numbers actually dropped by half about 2 years ago and remained
steady until his last blood test in early October. Officially
he was still CRF but it wasn't progressing. When Syd became
ill he was 12 pounds, at his death he was 4.3. Most of the time
he was around 5.5 pounds once he was stabilized 2 years ago.
vet and I had a real partnership in Sydney's treatment and I
mentioned the possibility that CRF can be triggered by high
blood pressure. She said, in his case, it was possible given
the drastic change in BUN and creatinine after he started blood
pressure meds. The final weight loss may have been due to a
tumor as his last blood test indicated high calcium content.
expect this to get so long but I thought that the blood pressure/CRF
connection might help someone else if caught early enough. Looking
back, had we found his final vet much sooner, at least his quality
of life these past 3.5 years would've been better. Not that
it was bad but...you always want to do better.
reading and kind regards,
you for your wonderful website. The information is of great
value to me and my beautiful Jane. I purchased a tube of Nutri-Cal,
a nutritional supplement for sick or anorexic pets. It is
available in most pet shops or from your Vet. The manufacturer's
phone number is 1-800-267-5707. I use a syringe to administer
this product acts as an appetite stimulant for cats plus it
adds important vitamins and other necessary ingredients that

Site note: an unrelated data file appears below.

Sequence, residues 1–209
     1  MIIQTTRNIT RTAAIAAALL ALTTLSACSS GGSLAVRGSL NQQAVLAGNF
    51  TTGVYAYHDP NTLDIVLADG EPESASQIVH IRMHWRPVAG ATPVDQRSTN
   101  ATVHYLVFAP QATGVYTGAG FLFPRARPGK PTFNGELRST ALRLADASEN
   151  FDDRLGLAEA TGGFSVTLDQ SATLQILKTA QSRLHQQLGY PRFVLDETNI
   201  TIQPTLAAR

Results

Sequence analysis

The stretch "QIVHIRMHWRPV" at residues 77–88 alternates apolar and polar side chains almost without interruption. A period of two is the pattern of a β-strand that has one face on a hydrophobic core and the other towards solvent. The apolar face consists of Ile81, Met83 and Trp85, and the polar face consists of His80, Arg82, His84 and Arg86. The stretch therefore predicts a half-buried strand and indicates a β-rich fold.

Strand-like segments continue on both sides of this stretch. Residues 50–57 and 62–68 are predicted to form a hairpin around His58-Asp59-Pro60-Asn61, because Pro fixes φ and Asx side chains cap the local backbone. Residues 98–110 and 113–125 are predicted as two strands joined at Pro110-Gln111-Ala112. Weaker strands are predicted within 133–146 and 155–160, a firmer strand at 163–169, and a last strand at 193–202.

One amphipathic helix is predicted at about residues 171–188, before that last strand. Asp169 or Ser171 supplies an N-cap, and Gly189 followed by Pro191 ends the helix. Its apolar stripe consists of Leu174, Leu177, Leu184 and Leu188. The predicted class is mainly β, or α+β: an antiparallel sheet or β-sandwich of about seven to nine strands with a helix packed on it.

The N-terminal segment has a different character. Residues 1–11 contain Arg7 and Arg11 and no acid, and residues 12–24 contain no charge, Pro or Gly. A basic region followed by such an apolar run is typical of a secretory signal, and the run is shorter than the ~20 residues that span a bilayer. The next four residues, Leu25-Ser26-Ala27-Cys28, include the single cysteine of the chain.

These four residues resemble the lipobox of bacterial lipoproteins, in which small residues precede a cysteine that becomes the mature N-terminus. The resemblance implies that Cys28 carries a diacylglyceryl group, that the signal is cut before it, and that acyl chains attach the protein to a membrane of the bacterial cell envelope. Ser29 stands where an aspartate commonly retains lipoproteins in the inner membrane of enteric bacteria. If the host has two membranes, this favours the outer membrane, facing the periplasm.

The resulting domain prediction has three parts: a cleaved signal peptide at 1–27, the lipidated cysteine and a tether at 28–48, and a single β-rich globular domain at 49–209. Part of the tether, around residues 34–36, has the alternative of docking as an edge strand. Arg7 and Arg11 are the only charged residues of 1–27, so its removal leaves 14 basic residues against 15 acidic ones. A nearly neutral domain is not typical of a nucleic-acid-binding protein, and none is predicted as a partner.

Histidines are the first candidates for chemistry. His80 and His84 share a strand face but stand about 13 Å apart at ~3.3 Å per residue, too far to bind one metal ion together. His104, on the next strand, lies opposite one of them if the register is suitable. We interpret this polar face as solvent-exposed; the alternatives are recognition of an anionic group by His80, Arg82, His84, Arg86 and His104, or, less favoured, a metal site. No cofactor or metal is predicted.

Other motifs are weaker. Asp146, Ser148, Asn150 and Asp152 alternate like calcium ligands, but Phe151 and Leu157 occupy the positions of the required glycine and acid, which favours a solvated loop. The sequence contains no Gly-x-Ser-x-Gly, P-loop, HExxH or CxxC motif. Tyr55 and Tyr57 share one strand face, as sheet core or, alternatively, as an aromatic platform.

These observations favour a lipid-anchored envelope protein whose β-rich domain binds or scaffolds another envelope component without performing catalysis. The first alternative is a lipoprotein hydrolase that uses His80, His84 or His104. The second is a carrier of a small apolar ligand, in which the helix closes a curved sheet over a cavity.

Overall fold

may be lacking in your pets' diet if they are not eating.
take credit for this advice but found it on another website
to help cats with CRF. I also purchased cans of Hill's a/d
to syringe feed my cat. This food also gives nutritional support
to sick or anorexic pets. Your Vet should have it or you can
call Hill's at 1-800-445- 5777 to find where it is available
in your area.
that I have been able to give back some help to others as
you have given me so much guidance and support from your beautiful
website. All of you and your beautiful cats are in my thoughts
and prayers as I know my Janie will be in yours.
been treating my daughter's "baby", a big male Siamese named
Mufasa for 3 years now. He will have his 8th birthday on
Thursday. The vets believe he was born with defective kidneys.
with the exception of an occasional bad day, he is doing
quite well. Your website is thorough and is well done. I
wish I had known about it 3 years ago. There are some things
that we have found to make quite a difference that I did
not find on your site. I thought I would share them with
you rather than write them on the guest book.
powder is high in nutrients and the high chlorophyll levels
work as a natural detoxifyer. Three years ago Mufasa had
lost 1/2 of his body weight and could hardly stand up. He